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Atopic dermatitis (AD) is one of the most common inflammatory skin diseases in the western world. Multiple causes have been implicated in the pathogenesis of atopic dermatitis, however in the past years many studies have highlighted the pathogenic role played by abnormal skin barrier in patients with AD. Impaired skin barriers facilitate the penetration of environmental agents/allergens into the skin with resultant chronic inflammation and atopic march. Many components of the epidermal barrier are impaired in atopic dermatitis including intracellular proteins comprising the cornified cell envelope, inter-cellular lipids and their metabolism, inter-cellular junctions and desquamation process. Investigating skin barrier abnormalities and understanding the mechanisms for its maintenance, are crucial for improving the management of AD patients and preventing the development of atopic march. Here we review the latest developments in skin barrier dysfunction in AD with associated clinical implications.
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Moderate-to-severe atopic dermatitis (AD) has been associated with significant disease burden and systemic abnormalities, and often requires systemic treatments. Currently, safe and effective oral sys...
Parental history of atopic disease is a well-established risk factor for development of atopic dermatitis (AD), but several aspects of this association remain unclear.
Atopic dermatitis (AD) is a prevalent inflammatory skin disease with a complex pathogenesis, involving immune cell and epidermal abnormalities. Despite whole tissue biopsy studies that have advanced t...
There is debate whether psoriasis and atopic dermatitis (AD) belong to the same disease spectrum.
Atopic dermatitis (AD) is a chronic, relapsing inflammatory skin disease, which is caused by several genetic, immunological, and environmental factors. In addition to skin manifestations, AD is associ...
While the repair of the epidermal barrier in atopic dermatitis is of major importance in the treatment of atopic dermatitis, most of the vehicles used may actually cause a worsening of an ...
The purpose of this study is to understand the effect that T helper 2 (Th2) blockade has on well-described pathophysiological features of Atopic Dermatitis (AD), for example: barrier, epid...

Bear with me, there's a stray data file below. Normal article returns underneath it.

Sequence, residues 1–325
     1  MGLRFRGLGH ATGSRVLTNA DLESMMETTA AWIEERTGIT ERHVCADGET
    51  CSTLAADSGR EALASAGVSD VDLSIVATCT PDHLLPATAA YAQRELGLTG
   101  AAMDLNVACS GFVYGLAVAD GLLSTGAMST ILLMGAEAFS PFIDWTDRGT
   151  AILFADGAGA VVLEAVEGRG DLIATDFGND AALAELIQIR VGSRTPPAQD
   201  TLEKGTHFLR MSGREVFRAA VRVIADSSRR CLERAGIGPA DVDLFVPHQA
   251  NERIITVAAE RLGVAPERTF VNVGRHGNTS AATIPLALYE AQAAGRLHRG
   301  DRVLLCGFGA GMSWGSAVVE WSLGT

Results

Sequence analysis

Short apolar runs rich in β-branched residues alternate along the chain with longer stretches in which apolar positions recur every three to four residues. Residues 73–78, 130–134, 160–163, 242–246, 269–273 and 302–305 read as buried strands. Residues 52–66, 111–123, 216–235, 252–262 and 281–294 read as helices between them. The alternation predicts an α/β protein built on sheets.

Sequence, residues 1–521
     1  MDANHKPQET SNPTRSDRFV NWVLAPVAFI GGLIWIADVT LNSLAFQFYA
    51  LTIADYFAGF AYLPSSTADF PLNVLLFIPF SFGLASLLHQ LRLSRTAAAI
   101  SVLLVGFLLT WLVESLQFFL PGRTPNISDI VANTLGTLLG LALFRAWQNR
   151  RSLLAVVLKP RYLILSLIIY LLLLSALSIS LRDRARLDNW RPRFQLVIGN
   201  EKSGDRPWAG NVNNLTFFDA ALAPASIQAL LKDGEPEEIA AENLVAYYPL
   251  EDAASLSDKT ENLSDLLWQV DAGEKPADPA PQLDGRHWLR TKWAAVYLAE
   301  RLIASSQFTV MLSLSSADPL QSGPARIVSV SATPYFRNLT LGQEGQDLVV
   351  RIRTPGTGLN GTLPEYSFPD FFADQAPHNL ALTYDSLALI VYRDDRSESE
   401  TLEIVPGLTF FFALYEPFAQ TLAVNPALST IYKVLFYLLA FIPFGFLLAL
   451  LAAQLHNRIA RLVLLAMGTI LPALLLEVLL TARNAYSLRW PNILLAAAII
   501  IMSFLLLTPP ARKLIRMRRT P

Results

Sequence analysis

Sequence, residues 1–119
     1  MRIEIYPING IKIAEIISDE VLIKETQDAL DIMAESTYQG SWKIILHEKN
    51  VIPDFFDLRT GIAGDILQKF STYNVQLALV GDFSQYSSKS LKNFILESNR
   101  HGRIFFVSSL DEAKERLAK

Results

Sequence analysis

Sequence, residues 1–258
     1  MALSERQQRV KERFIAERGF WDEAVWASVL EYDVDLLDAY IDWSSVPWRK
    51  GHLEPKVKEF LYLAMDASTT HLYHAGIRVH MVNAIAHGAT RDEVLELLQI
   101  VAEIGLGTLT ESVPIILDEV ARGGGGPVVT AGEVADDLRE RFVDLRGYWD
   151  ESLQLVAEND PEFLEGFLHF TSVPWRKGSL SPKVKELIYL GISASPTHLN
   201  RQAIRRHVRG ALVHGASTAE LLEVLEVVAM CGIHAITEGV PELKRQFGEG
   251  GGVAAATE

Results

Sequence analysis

Primary Objective: To explore associations between biomarkers of atopic dermatitis (AD) and: - Disease state and time course of AD, - Disease state and evolution of selected...
Atopic Dermatitis, also known as atopic eczema, or eczema, is a common skin disease that can affect males and females of all ages, but often starts in childhood. Recent studies show at lea...
Atopic dermatitis is a skin disorder with an itchy, red skin rash. This may be because certain proteins are increased in the skin of AD patients. The increased expression of these proteins...
The widespread involvement of the skin by a scaly, erythematous dermatitis occurring either as a secondary or reactive process to an underlying cutaneous disorder (e.g., atopic dermatitis, psoriasis, etc.), or as a primary or idiopathic disease. It is often associated with the loss of hair and nails, hyperkeratosis of the palms and soles, and pruritus. (From Dorland, 27th ed)
Rare autosomal recessive disease with variable expressions. Clinical features of the disease include variable ICHTHYOSIFORM ERYTHRODERMA, CONGENITAL; bamboo hair (trichorrhexis invaginata); and ATOPIC DERMATITIS. The disease is caused by mutations in the SPINK5 gene.
A disseminated vesicular-pustular eruption caused by the herpes simplex virus (HERPESVIRUS HOMINIS), the VACCINIA VIRUS, or Varicella zoster (HERPESVIRUS 3, HUMAN). It is usually superimposed on a preexisting, inactive or active, atopic dermatitis (DERMATITIS, ATOPIC).
Antigens from the house dust mites (DERMATOPHAGOIDES), mainly D. farinae and D. pteronyssinus. They are proteins, found in mite feces or mite extracts, that can cause ASTHMA and other allergic diseases such as perennial rhinitis (RHINITIS, ALLERGIC, PERENNIAL) and atopic dermatitis (DERMATITIS, ATOPIC). More than 11 groups of Dermatophagoides ALLERGENS have been defined. Group I allergens, such as Der f I and Der p I from the above two species, are among the strongest mite immunogens in humans.
A broad approach to appropriate coordination of the entire disease treatment process that often involves shifting away from more expensive inpatient and acute care to areas such as preventive medicine, patient counseling and education, and outpatient care. This concept includes implications of appropriate versus inappropriate therapy on the overall cost and clinical outcome of a particular disease. (From Hosp Pharm 1995 Jul;30(7):596)
Eczema is a common itchy skin disease characterized by reddening and vesicle formation, which may lead to weeping and crusting. It is endogenous, or constitutional. There are five main types; atopic, seborrhoeic, discoid, gravitational or varicose. ...
Acne Dermatology Eczema Psoriasis Wound Care Dermatology is the medical specialty concerned with the diagnosis and treatment of skin disorders (Oxford Medical Dictionary). As well as studying how the skin works, dermatology covers...
Anything that breaks the skin is a wound because when the skin is broken, there's a risk of germs getting into the body and causing an infection. Follow and track Wound Care News on BioPortfolio: Wound Car...